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indicationFor short-term topical treatment of the inflammatory and pruritic manifestations of moderate to severe corticosteroid-responsive dermatoses of the scalp.
pharmacologyLike other topical corticosteroids, clobetasol has anti-inflammatory, antipruritic, and vasoconstrictive properties. It is a very high potency topical corticosteroid that should not be used with occlusive dressings. It is recommended that treatment should be limited to 2 consecutive weeks and therapy should be discontinued when adequate results have been achieved.
mechanism of actionThe precise mechanism of the antiinflammatory activity of topical steroids in the treatment of steroid-responsive dermatoses, in general, is uncertain. However, corticosteroids are thought to act by the induction of phospholipase A2 inhibitory proteins, collectively called lipocortins. It is postulated that these proteins control the biosynthesis of potent mediators of inflammation such as prostaglandins and leukotrienes by inhibiting the release of their common precursor arachidonic acid. Arachidonic acid is released from membrane phospholipids by phospholipase A2. Initially, however, clobetasol, like other corticosteroids, bind to the glucocorticoid receptor, which complexes, enteres the cell nucleus and modifies genetic transcription (transrepression/transactivation).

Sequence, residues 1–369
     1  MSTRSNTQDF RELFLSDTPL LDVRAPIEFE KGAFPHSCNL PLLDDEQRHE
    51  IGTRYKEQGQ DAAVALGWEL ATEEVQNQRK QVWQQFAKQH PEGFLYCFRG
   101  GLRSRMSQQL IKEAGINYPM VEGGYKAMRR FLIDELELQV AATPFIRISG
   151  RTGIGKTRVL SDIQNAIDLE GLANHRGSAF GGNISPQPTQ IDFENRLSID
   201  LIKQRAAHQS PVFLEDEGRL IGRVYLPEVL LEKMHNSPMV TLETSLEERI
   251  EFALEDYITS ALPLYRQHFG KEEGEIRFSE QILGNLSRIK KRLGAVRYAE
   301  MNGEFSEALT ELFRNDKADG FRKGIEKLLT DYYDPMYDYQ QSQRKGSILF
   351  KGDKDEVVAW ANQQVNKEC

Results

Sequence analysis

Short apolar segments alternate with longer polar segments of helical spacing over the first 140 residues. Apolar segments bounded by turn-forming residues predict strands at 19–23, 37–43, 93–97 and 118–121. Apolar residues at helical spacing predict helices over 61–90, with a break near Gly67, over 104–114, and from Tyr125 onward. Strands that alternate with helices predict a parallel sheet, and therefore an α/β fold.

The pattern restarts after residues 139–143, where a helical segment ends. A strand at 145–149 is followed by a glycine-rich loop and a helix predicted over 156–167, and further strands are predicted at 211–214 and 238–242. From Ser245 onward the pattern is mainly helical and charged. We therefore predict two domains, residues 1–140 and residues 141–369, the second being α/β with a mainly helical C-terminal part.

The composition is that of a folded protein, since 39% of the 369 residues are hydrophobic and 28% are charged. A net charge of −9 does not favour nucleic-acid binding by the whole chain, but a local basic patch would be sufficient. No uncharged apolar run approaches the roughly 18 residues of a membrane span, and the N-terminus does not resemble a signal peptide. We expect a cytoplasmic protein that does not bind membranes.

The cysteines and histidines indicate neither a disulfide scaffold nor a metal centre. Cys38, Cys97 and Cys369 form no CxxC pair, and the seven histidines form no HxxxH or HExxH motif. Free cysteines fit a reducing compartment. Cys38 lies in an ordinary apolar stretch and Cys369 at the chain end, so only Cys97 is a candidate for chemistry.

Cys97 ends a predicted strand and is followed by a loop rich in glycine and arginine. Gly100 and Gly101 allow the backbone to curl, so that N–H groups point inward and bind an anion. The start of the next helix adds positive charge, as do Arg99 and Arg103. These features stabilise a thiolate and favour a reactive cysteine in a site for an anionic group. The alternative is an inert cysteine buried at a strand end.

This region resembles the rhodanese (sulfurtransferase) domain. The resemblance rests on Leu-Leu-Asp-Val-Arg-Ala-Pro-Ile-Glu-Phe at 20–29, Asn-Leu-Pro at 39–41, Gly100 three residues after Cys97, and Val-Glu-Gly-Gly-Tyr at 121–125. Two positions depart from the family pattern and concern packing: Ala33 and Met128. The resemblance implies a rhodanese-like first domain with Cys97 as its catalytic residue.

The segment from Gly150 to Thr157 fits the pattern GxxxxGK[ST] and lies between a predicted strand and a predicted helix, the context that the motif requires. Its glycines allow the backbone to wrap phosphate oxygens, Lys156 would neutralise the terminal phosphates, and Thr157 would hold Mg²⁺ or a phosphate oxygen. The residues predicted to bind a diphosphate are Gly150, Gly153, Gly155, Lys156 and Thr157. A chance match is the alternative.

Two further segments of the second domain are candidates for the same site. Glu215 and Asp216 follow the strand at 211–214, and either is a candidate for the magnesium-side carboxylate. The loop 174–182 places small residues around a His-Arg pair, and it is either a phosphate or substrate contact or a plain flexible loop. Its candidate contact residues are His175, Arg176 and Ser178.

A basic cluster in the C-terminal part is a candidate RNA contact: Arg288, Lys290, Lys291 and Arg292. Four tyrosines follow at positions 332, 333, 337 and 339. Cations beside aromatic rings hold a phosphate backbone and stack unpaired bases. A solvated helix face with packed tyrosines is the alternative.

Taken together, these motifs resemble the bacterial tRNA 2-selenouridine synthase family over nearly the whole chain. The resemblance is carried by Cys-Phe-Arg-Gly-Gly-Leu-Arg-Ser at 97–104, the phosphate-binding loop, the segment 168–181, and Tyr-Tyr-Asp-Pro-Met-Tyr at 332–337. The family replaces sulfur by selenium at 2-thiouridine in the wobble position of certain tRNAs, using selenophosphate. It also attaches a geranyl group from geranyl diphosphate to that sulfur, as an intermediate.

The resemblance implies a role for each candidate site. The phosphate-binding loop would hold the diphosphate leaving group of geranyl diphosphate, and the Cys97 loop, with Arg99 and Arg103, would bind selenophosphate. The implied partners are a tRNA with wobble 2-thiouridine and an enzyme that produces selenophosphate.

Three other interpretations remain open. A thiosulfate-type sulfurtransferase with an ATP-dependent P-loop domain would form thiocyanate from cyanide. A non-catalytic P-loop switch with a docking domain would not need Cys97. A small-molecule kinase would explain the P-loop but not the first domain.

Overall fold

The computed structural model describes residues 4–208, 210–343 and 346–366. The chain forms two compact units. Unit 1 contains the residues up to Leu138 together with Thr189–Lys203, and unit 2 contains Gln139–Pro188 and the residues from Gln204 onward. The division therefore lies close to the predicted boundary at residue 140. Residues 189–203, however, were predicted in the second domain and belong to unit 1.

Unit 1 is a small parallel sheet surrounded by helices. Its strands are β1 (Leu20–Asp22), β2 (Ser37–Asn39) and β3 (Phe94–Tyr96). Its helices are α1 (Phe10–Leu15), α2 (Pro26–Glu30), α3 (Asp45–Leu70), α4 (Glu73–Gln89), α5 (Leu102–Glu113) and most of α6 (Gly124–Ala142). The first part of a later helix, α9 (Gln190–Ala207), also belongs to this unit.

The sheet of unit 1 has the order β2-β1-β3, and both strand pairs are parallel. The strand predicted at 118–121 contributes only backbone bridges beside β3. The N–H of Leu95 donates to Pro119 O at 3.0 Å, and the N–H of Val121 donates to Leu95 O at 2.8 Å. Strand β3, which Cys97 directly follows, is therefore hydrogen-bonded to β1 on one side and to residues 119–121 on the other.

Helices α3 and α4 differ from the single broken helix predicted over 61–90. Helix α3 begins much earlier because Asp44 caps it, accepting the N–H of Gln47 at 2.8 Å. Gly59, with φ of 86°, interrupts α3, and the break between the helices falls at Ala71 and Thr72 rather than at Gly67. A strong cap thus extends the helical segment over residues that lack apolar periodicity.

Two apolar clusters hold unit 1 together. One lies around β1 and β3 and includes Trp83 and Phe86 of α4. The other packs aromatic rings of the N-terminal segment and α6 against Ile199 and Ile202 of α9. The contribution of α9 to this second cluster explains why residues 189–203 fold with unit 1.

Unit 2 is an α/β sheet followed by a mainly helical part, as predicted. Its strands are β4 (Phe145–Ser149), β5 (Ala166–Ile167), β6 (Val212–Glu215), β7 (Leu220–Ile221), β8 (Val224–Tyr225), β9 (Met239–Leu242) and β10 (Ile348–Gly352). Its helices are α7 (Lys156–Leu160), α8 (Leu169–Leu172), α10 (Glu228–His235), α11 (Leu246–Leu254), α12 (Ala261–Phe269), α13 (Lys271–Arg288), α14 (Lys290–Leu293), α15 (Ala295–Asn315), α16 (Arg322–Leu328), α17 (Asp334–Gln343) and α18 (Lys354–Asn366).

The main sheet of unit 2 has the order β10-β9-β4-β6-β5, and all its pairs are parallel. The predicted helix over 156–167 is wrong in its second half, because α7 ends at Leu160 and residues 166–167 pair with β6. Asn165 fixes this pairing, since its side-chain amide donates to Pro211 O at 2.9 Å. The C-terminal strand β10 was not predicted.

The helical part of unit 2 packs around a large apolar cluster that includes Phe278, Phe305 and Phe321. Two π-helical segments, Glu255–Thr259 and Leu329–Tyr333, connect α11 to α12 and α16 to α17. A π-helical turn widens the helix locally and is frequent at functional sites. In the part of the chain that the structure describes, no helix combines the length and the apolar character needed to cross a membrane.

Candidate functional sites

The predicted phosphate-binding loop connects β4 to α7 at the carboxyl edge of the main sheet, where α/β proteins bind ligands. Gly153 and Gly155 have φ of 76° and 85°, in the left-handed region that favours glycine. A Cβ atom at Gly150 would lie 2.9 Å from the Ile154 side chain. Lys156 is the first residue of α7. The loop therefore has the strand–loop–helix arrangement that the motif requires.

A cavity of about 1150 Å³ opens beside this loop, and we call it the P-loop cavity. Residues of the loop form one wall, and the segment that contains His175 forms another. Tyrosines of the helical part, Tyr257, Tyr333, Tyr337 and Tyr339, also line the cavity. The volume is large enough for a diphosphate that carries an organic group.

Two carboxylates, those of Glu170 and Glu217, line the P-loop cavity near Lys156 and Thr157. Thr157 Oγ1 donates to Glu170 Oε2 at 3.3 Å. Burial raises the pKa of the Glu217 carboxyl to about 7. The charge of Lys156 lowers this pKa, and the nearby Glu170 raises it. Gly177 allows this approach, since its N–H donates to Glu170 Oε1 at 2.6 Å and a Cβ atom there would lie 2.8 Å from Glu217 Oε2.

toxicityOral LD50 in rat and mouse is >3000 mg/kg. Topically applied clobetasol can be absorbed in sufficient amounts to produce systemic effects. Symptoms of overdose include thinning of skin and suppression of adrenal cortex (decreased ability to respond to stress).
biotransformationMetabolized, primarily in the liver, and then excreted by the kidneys.
absorptionTopical corticosteroids can be absorbed from intact healthy skin. The extent of percutaneous absorption of topical corticosteroids is determined by many factors, including the vehicle and the integrity of the epidermal barrier. Occlusion, inflammation and/or other disease processes in the skin may also increase percutaneous absorption.
route of eliminationCorticosteroids are metabolized primarily in the liver and are then excreted by the kidneys. Some of the topical corticosteroids, including clobetasol propionate and its metabolites, are also excreted into the bile.
drug interactionsAldesleukin: Corticosteroids such as clobetasol may diminish the antineoplastic effect of aldesleukin. Avoid conccurent use of corticosteroids with aldesleukin.
Telaprevir: Corticosteroids such as clobetasol may decrease the serum concentration of telaprevir. Telaprevir may increase the serum concentration of corticosteroids. Concurrent use of telaprevir and systemic corticosteroids is not recommended. When possible, consider alternatives, and if such a combination is necessary, use extra caution, monitoring patients for excessive systemic steroid effects as well as for diminished telaprevir effects.